Tuesday night, members of the New Yorker Union protested outside the Greenwich Village home of Anna Wintour, Vogue figurehead and global chief content officer of Condé Nast, The New Yorker’s parent company. The New York Times reports that about 100 people took part in the protest, including employees from fellow Condé Nast publications Ars Technica and Pitchfork, marching from the New York University campus to Wintour’s nearby neighborhood. Protesters, many of whom were fact-checkers and editorial-staff members, held signs that read, “You can’t eat prestige” and “Fair pay now,” and chanted, “Bosses wear Prada, workers get nada.” Though Wintour herself wasn’t spotted, her neighbors were seen handing out drinks to picketers.
The protest comes after over two years of contract negotiations with Condé Nast and ahead of a potential worker strike. On Monday, the New Yorker Union launched a website stating its still-unmet demands, which include fair pay, more job security, and better work-life balance. The website also announced union workers are “on the verge of a strike,” urging readers and New Yorker freelancers — which in many cases include staff writers, and who are often not eligible for union membership under federal law — not to cross the impending picket line. The New Yorker Union, which started in 2018, is affiliated with the NewsGuild of New York. (The New York Magazine union is also part of the NewsGuild.)
Monday night, after the union announced it would be picketing in Wintour’s neighborhood, Condé Nast sent an email to union members saying, “While we respect and support our employees’ rights to organize, doing so while targeting an individual’s private home and publicly sharing its location is not acceptable.” The company also said it is “committed to the safety and security of all its employees and we take this situation seriously,” adding, “at a time when journalists are being personally attacked, harassed, and targeted for their work, to put a colleague in such a position is just irresponsible.”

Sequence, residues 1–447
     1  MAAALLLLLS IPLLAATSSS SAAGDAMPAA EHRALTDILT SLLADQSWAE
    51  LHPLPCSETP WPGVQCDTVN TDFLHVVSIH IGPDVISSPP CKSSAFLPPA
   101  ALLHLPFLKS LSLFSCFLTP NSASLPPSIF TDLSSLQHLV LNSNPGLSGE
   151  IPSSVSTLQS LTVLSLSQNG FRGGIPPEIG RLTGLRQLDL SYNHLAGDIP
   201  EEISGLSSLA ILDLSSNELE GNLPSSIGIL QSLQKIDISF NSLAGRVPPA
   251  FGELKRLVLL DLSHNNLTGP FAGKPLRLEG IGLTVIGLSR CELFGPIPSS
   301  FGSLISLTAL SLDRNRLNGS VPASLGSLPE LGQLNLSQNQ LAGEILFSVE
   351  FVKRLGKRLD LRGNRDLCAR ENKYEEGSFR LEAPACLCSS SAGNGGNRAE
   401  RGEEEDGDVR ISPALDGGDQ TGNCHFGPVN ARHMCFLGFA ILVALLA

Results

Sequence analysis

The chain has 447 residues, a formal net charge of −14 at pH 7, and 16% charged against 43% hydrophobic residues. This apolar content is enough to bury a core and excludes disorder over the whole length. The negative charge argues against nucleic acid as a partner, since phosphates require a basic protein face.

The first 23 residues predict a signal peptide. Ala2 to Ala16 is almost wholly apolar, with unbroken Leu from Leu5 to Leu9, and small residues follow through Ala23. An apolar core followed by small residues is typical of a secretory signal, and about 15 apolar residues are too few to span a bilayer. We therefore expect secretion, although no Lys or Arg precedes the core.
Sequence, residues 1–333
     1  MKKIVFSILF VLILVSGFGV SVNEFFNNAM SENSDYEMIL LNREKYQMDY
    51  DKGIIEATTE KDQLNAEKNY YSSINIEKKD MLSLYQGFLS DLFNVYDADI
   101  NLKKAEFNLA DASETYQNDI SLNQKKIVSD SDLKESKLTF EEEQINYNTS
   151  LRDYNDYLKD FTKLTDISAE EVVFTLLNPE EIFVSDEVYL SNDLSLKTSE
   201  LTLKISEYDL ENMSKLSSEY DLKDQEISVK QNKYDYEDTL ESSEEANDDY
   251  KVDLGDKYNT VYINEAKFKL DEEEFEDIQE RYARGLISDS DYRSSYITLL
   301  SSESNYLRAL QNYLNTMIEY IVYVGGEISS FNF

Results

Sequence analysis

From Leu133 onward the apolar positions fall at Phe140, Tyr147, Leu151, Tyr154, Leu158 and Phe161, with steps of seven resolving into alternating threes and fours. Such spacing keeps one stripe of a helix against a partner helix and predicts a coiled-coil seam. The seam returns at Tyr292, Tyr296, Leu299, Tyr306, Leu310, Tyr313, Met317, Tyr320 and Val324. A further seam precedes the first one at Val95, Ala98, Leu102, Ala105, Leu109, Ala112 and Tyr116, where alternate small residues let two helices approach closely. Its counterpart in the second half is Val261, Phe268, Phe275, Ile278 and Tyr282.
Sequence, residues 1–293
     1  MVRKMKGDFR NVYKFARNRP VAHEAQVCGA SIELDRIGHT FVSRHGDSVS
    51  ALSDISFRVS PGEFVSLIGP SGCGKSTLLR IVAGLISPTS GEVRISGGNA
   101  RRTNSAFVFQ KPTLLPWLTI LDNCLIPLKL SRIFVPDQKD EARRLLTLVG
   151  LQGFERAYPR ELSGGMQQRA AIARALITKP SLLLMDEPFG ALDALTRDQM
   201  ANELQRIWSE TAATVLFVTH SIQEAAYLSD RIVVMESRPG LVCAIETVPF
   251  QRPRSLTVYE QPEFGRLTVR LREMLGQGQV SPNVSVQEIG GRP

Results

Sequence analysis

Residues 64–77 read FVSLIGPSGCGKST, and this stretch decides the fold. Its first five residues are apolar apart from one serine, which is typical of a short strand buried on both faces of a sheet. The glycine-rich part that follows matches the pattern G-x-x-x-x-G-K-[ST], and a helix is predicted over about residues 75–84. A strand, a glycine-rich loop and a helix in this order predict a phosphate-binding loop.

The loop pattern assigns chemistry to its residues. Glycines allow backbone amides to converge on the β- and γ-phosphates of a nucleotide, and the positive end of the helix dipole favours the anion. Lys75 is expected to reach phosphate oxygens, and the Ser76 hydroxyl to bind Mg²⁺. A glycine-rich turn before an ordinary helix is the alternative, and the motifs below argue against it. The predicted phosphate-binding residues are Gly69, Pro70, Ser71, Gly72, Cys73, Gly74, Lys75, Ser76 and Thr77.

In response, the union accused the company of “what looks like an unlawful attempt to discourage protected concerted activity,” per the Times. “As we hope the company is aware,” a tweet from the union read, “it is illegal to threaten employees with adverse consequences for taking part in protected concerted activity.”
Union chair Natalie Meade told the Times that Wintour serves as a “proxy” for Condé Nast. “What’s happening at The New Yorker is not necessarily happening in a vacuum,” Meade said. Fair pay is an issue across the industry, including at this magazine. The New Yorker Union is seeking a base salary of $60,000 for its members, some of whom currently make as little as $42,000 a year. For context, the cost of living in Manhattan, where Wintour and many Condé Nast employees live, is estimated to be more than double the cost of living in major cities like Chicago, Denver, Houston, and Philadelphia.
A spokesperson for Condé Nast told the Times that the company has made progress in recent negotiations with the union. “We hope to have a contract soon so that real wage increases find their way to our union employees,” they said.
Negotiations between the New Yorker Union and Condé Nast have been escalating for nearly a year. In September 2020, Senator Elizabeth Warren and Representative Alexandria Ocasio-Cortez said they would not cross the picket line to participate in the New Yorker Festival in solidarity with the union. Their event did take place once the picket ended. In January, New Yorker employees staged a virtual walkout.
Wintour has not yet publicly responded to last night’s protest.
Correction: A previous version of this story said Senator Warren and Representative Ocasio-Cortez pulled out of the New Yorker Festival. While they had said that they would not cross a picket line, when the picket ended, their event proceeded as planned.
This piece has been updated.